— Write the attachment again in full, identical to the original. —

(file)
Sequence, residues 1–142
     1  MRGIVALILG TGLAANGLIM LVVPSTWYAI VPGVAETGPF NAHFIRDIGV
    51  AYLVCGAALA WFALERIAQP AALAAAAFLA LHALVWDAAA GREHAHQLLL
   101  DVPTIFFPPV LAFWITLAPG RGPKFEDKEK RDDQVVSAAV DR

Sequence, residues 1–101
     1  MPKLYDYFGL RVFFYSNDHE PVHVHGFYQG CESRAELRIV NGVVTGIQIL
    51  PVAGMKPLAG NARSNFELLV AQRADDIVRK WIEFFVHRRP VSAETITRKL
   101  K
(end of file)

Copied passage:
Sequence, residues 1–142
     1  MRGIVALILG TGLAANGLIM LVVPSTWYAI VPGVAETGPF NAHFIRDIGV
    51  AYLVCGAALA WFALERIAQP AALAAAAFLA LHALVWDAAA GREHAHQLLL
   101  DVPTIFFPPV LAFWITLAPG RGPKFEDKEK RDDQVVSAAV DR

Sequence, residues 1–101
     1  MPKLYDYFGL RVFFYSNDHE PVHVHGFYQG CESRAELRIV NGVVTGIQIL
    51  PVAGMKPLAG NARSNFELLV AQRADDIVRK WIEFFVHRRP VSAETITRKL
   101  K